As the 40th Annual General Assembly of the Crees winds down in Waswanipi, about 16 youth and four guides will prepare for a canoe adventure down the Broadback River from Waswanipi to Waskaganish.

The expedition is a project organized by the Grand Council’s Department of the Environment and Remedial Works and the Cree Nation Government Youth Department.

According to Isaac Voyageur, Director of the Department of the Environment and Remedial Works, the expedition is part of a much larger project for environmental protection.

Voyageur said that project started in the summer of 2012 when the Council Board passed a resolution to create a conservation strategy. Then-Deputy Grand Chief Ashley Iserhoff spearheaded the project but its duties have since been passed on to current Deputy Grand Chief Rodney Mark, who heads up the committee with Voyageur.

“We created a Protected Areas Committee that consists of members from each of the Cree communities as well as the Cree Trappers Association. In the meantime, the Crees of Nemaska and Waswanipi both submitted projects,” said Voyageur.

“The purpose of the Protected Areas Committee is to assist the communities in their plight to have certain areas protected within their respective territories and also assist and provide bio-technical knowledge to the communities in regards to this.”

In other words, the committee helps to move the projects along and it became evident that the Nemaska and Waswanipi projects were both within the confines of the Broadback watershed.

Voyageur said the committee decided that an alliance would be formed and that something would be submitted to Quebec and the Cree Nation Government under the moniker, the Broadback Watershed Protection Plan. The submission would include the projects of both communities and the idea was to have these community-designated spots act as core areas with the surrounding areas as buffers.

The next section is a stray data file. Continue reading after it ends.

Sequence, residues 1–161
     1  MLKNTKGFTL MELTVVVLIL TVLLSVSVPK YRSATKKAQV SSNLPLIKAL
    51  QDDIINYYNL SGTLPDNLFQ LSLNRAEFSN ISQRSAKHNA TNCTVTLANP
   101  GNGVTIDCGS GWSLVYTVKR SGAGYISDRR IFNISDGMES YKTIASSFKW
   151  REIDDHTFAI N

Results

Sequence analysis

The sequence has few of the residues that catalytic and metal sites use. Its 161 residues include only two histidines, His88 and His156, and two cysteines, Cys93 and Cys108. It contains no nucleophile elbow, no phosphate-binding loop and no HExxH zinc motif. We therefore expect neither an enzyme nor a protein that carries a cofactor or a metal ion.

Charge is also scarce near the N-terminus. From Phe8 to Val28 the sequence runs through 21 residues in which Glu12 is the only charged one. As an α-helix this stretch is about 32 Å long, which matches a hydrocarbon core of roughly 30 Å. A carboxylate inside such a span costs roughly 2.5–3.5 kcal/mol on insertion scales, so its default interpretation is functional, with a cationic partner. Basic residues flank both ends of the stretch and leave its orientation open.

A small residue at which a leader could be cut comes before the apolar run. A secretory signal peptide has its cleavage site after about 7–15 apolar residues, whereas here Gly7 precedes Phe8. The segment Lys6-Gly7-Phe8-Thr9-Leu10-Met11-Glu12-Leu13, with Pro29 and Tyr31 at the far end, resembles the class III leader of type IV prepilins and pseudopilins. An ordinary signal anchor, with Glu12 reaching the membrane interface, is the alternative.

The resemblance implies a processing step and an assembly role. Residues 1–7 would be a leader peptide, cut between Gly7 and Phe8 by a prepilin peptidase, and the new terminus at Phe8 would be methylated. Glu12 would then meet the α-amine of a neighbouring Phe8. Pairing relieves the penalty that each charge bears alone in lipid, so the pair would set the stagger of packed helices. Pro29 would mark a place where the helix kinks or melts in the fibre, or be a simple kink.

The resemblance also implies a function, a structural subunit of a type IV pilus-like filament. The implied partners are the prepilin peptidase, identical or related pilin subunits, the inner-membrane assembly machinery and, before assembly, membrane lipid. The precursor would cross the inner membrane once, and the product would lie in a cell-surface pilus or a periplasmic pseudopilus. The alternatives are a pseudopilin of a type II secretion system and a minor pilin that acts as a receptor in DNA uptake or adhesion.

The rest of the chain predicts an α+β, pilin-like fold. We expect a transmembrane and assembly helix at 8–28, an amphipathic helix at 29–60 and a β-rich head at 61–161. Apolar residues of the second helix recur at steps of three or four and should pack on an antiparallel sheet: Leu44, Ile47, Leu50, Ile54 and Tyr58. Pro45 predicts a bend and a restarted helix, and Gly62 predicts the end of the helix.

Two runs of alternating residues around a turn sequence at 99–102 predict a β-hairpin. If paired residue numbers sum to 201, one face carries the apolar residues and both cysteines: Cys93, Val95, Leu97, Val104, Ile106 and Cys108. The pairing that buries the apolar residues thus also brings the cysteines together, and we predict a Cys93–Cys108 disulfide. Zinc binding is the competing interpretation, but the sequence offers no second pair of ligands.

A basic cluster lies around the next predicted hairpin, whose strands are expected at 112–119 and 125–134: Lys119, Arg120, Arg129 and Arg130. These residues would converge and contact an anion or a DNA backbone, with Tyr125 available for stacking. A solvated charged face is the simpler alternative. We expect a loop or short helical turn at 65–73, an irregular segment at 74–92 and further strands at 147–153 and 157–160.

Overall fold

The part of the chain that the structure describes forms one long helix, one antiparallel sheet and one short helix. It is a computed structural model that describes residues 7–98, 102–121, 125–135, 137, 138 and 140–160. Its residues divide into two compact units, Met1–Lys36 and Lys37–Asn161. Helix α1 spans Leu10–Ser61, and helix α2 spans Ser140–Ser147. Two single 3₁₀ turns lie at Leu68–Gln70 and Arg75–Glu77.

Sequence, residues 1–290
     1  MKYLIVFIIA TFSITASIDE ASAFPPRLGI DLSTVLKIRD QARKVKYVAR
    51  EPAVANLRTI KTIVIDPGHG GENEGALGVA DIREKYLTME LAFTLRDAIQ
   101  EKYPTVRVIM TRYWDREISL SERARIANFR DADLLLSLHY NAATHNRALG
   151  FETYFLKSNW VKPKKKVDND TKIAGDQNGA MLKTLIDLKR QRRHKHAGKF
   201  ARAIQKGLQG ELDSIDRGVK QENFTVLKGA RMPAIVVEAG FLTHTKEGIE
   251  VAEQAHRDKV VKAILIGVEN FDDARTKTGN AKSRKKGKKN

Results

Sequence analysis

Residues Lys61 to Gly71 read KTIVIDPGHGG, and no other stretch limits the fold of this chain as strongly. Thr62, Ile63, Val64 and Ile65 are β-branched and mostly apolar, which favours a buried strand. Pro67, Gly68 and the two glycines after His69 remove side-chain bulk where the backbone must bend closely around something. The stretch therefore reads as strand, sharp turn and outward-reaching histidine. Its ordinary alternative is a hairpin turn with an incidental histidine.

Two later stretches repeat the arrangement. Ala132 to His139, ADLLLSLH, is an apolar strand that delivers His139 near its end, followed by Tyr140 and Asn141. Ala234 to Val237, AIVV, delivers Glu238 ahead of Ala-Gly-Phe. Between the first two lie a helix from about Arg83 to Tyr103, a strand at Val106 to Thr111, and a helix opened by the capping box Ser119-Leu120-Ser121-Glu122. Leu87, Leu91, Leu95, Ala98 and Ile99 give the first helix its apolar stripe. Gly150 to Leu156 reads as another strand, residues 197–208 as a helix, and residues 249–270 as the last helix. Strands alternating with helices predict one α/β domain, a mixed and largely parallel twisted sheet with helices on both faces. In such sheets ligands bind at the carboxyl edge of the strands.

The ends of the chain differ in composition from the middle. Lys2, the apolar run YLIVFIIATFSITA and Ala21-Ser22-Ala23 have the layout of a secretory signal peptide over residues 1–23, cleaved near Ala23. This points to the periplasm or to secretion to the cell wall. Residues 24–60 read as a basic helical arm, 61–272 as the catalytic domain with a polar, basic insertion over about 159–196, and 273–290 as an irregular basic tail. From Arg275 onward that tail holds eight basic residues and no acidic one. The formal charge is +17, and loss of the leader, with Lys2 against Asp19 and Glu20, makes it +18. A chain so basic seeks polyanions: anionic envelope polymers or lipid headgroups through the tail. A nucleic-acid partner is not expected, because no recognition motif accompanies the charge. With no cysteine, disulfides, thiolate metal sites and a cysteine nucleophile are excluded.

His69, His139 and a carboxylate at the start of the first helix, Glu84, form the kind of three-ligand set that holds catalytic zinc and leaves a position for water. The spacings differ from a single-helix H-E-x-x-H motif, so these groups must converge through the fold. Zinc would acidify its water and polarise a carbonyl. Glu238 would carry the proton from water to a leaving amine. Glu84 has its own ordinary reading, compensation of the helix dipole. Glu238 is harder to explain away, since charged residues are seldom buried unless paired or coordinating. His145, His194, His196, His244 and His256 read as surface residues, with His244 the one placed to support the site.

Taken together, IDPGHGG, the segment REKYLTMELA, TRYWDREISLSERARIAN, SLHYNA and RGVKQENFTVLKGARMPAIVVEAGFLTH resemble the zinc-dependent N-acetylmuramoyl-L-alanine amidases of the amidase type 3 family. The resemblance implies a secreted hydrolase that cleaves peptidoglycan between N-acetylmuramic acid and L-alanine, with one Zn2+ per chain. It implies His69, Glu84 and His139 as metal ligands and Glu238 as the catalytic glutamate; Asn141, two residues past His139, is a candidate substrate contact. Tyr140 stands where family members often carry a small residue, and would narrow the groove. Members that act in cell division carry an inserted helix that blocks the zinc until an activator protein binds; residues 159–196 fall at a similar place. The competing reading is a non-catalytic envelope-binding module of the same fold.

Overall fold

Since the committee had also been trying to raise the issue of the development threat to woodland caribou – a particular concern for Waswanipi as the community has only three intact traplines remaining after decades of resource development.

The Cree are optimistic that the Liberal government’s proposal to see 50% of Quebec’s north protected under the Plan Nord will help achieve the conservation of the area. A canoe brigade is one more effort to keep the campaign in the public eye.

According to Voyageur, there is a call-out for youth from all 10 communities to participate in the voyage. Youth can submit letters of interest to the Department of the Environment and Remedial Works. The goal is to get at least 10 canoes to carry 16 youth and four guides down the Broadback River though if more youth are interested other arrangements can be made.

The brigade will have a special ceremonial launch from the AGA August 6, but will actually depart down the river on August 7. They plan on arriving in Waskaganish August 25, depending on the weather.

“Another key component in this project is the exchange of knowledge from the guides to the youth who will be on this trip,” said Voyageur. “We always make a point in saying that we would like to maintain Cree culture and history and this is part of this exercise.”